Dian Liang

Published in Issue 21
Text by Emma Sharpe

Shanghai-based artist and illustrator Dian Liang is nostalgic for the future. Her body of work, spanning drawing, animation, and both traditional and digital painting, manages to circumvent the banality of the present. It scoops from the world of the known past— from pop culture, manga, anime, personal memories and experiences—to launch itself into a glazed, electric future.

I’m reminded of sci-fi concept art, or of the airbrushed landscapes sold by street vendors on childhood vacations: Dune-like scenes with multiple moons and green skies. I think I had one with a pyramid built on a purple planet, another with a muscled unicorn spraying stars from its horn. Liang’s work carries the same mystical resonance—digital daydreams of a fantastical world whose stretches of reality still feel familiar.

In one image, a thumb presses into the soft underbelly of a snake’s neck. What looks like electricity laces across the scaled body and out its black tongue. In another, the leather of a dog’s harness glistens as if wet, its mirage-like spikes shimmering. Apparitional beings float in and out of focus across compositional planes, soft-edged and fuzzed as if stuck in a perpetual motion blur.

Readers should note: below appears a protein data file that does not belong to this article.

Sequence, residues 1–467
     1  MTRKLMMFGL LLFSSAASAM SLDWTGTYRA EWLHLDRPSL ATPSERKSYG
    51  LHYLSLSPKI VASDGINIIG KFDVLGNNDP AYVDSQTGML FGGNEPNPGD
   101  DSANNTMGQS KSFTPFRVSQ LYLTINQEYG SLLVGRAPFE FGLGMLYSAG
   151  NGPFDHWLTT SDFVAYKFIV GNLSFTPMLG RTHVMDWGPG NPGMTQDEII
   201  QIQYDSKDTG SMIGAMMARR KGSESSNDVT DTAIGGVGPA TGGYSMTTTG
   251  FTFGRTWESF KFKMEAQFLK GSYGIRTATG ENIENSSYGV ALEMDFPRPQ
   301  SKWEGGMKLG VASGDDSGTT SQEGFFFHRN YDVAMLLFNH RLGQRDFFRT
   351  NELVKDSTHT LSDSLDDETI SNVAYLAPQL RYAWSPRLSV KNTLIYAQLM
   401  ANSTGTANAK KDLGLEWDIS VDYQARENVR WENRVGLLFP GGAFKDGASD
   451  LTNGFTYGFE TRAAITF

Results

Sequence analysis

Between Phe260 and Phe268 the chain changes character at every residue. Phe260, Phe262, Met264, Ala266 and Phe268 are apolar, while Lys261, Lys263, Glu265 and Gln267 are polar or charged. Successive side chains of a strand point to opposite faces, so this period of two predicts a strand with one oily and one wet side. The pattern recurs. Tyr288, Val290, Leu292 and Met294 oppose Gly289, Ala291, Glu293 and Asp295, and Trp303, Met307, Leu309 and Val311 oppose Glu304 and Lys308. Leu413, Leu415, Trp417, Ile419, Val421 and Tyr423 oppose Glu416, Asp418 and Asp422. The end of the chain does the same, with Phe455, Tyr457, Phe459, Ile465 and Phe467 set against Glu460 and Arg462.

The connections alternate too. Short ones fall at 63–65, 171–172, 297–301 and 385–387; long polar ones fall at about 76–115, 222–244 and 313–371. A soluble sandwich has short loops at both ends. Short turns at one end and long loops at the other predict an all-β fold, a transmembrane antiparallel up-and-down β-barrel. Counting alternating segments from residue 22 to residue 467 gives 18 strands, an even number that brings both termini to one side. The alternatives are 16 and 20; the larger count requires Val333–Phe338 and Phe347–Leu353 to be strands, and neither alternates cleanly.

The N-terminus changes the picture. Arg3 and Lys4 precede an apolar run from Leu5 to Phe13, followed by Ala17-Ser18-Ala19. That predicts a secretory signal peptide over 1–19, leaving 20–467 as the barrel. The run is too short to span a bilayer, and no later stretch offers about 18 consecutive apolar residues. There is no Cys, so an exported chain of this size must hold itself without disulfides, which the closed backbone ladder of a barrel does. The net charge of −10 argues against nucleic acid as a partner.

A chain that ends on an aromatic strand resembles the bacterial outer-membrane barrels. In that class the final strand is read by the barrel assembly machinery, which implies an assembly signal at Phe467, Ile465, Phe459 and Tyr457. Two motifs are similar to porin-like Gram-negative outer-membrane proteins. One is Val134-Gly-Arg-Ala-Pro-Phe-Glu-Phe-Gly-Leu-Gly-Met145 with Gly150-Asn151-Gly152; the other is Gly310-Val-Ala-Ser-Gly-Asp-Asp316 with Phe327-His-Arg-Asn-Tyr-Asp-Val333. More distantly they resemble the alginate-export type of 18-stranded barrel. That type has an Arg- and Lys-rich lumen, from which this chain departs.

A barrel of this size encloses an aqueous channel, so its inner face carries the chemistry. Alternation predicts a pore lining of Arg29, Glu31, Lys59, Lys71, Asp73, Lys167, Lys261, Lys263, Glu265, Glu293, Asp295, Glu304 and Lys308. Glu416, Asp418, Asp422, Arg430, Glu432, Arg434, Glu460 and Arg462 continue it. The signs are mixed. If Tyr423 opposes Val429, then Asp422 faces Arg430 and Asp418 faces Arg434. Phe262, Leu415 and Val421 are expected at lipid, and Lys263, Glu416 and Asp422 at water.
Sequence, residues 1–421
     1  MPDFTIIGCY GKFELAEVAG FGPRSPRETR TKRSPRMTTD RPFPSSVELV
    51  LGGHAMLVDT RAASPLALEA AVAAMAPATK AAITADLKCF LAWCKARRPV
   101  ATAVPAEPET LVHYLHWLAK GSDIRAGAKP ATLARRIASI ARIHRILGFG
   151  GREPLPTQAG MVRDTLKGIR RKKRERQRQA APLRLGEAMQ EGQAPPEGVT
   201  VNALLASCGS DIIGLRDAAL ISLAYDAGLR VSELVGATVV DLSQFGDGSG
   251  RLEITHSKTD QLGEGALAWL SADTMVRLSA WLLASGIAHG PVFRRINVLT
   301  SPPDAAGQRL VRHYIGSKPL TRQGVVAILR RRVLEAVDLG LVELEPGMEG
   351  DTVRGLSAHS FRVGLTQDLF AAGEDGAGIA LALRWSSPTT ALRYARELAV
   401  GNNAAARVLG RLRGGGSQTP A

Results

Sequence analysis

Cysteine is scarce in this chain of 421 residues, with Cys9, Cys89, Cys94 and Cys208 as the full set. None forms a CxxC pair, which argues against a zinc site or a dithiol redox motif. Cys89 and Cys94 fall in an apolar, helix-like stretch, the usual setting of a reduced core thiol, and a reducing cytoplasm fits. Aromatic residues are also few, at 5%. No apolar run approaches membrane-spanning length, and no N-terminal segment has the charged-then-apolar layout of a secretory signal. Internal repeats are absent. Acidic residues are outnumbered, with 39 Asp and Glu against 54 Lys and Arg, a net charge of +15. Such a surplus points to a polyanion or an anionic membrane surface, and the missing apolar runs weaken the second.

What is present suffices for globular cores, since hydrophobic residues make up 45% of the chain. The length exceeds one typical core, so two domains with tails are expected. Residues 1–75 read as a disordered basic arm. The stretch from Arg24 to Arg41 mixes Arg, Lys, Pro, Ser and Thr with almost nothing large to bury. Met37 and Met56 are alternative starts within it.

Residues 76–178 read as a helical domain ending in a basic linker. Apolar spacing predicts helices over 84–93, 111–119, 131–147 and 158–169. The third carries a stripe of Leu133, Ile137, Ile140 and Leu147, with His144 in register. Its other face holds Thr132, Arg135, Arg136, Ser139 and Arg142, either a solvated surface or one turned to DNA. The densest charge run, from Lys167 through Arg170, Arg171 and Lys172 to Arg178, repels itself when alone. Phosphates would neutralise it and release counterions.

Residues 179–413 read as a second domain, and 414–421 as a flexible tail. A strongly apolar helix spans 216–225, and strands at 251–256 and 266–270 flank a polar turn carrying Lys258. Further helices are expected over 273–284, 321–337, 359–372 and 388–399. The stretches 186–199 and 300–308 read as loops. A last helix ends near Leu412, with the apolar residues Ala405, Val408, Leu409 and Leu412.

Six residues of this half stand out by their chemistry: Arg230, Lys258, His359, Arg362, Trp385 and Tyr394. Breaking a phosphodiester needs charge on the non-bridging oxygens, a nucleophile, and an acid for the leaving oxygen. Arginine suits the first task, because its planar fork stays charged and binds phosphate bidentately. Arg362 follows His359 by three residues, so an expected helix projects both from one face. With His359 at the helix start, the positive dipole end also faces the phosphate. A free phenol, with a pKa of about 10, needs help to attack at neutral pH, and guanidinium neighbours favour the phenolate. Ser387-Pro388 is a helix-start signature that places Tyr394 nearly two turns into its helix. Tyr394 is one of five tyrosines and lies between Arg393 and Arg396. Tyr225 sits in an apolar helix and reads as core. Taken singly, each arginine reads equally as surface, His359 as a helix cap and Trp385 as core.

Throughout Liang’s world, animals and humans seem to conspire. I think of my own childhood dalliances with sci-fi and the animal kingdom: the Animorphs series, featuring teenage shapeshifters who transform into the animals they touch. I think of dæmons from the His Dark Materials trilogy—birds, monkeys, ferrets, forever at your shoulder, prescribed to a life of pre-destined partnership.

If, as Wikipedia tells me, “Dæmons are the external physical manifestation of a person’s inner-self,” then perhaps the analogy works. Liang’s paintings act as artful dæmons, giving body to the internal by visualizing the abstract. With each illustration, Liang wrings a sea of references through her own interiority to expel a complicated reflection of the inner self, wrought with nostalgia, utopic longing, or dystopian grief. In all, Dian Liang’s work mirrors the steely stares of its subjects: it’s poised, resolved, and ready to move to the outer edges of reality.